- Abortion is out of the healthcare bill - because it's not healthcare. This is a theme that drives me insane. It's the most common outpatient procedure, it's there because women's mental or physical health is threatened by being forced to carry to term a foetus that they do not want/can't have. And yet, that's not covered, but viagra is? Really? A man's right to have a long-lasting erection is healthcare (and drugs for it can be advertised at all hours of the day), but not a woman's right to bodily autonomy. For eff's sake.
- The rage and violence and sheer thuggery of some of the opposition to healthcare is, frankly, extremely remarkable. The threats of violence (death threats to Louise Slaughter), the actual violence (bricks through windows), the spitting, the racial "epithets" (don't you just love the fact that everyone says "epithet" when they mean the N-word?), the homophobic abuse toward one of the only openly gay members of Congress... and the guns. The guns. The "blood of tyrants" quotes. To be fair, I oppose this Act, in part, because of the way that women's reproductive rights are being sold down the river. So I am distinctly not claiming that opposition to healthcare is, per se, outright wrong and/or racist. But my response is not violence or threats thereof. It's remarkable how people who are used to getting their own way behave like such violent brats when they can't control the electoral process anymore. And there is nothing like their demonisation of women (Pelosi) and the foreign (Obama) to illustrate why people who are, often, powerless or used to having all the power in the world cannot cope with this shift.
UPDATE 2: Jill and others also have pointed out the utter failure of Bart Stupak to connect the threats of violence he's received with the intimidation and fear that women seeking reproductive health services - be they tests, contraception, treatment or abortion (and again, that's only 3% of the clients that attend Planned Parenthood,* for example) - when they go to their local Planned Parenthood. Or with the death threats and violence that reproductive health workers receive many/most days of their lives in the US.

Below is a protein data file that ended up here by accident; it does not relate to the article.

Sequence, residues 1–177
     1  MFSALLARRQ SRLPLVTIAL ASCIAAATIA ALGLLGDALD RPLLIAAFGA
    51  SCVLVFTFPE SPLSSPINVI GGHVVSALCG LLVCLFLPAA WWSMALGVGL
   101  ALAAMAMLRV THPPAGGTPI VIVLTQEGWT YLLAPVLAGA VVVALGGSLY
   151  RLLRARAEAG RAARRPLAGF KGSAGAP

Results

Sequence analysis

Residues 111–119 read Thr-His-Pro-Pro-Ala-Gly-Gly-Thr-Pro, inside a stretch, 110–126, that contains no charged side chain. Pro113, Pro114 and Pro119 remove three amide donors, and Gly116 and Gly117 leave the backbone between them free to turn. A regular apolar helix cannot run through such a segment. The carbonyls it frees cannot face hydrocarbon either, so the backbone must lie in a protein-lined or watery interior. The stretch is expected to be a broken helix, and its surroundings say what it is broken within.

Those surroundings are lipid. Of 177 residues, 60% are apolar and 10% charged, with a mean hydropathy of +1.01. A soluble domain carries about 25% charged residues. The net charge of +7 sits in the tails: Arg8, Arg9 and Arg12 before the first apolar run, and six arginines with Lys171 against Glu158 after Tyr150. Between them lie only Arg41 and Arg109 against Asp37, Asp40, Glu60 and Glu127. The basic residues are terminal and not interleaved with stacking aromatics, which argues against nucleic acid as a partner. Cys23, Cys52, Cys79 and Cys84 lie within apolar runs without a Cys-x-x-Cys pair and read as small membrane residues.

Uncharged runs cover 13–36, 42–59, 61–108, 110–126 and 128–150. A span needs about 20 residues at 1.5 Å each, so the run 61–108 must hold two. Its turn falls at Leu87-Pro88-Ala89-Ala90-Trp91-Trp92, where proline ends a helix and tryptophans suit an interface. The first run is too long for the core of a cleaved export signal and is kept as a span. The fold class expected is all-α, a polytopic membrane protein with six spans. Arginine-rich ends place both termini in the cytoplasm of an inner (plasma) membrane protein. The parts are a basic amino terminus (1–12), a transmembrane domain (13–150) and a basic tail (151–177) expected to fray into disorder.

UPDATE 3: In point 2 above, I think I have misrepresented what I think. I think this is a good start, but it is health insurance reform, not healthcare reform. There are several things I deeply dislike about this Act (as it is now): a/ I'm not keen on individual mandates - I think that it truly is the government's responsibility to provide healthcare for its citizens. What I am hoping is that the mandates will flood the system with more premiums, and so hopefully lower the costs for all of us. At least, that's in theory what would happen without privatized, for-profit businesses in control of dictating who gets what and for how much money. We'll see if it does work. But I believe this bill doesn't go anywhere near far enough. b/ Women have been sold down the river, again, for their actual healthcare needs when, unsurprisingly, men haven't. And that's depressing and awful and wrong. c/ The "better than nothing" argument is true - it's just not enough and the people of this country that I currently live in deserve much better. I'm not sure if I would have voted for it or not; probably if the votes were close, but if I thought the Bill would pass without me, maybe not.
UPDATE 4: And here we go again - yet another reason why this reform does, indeed, fall short.
* See p8 of the pdf.